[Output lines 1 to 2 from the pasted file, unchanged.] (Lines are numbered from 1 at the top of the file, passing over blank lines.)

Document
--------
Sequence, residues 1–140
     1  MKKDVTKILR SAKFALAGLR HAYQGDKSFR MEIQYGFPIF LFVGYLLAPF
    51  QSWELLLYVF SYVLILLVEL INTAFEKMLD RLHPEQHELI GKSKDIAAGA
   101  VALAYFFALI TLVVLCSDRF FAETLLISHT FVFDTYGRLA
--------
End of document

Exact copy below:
Sequence, residues 1–140
     1  MKKDVTKILR SAKFALAGLR HAYQGDKSFR MEIQYGFPIF LFVGYLLAPF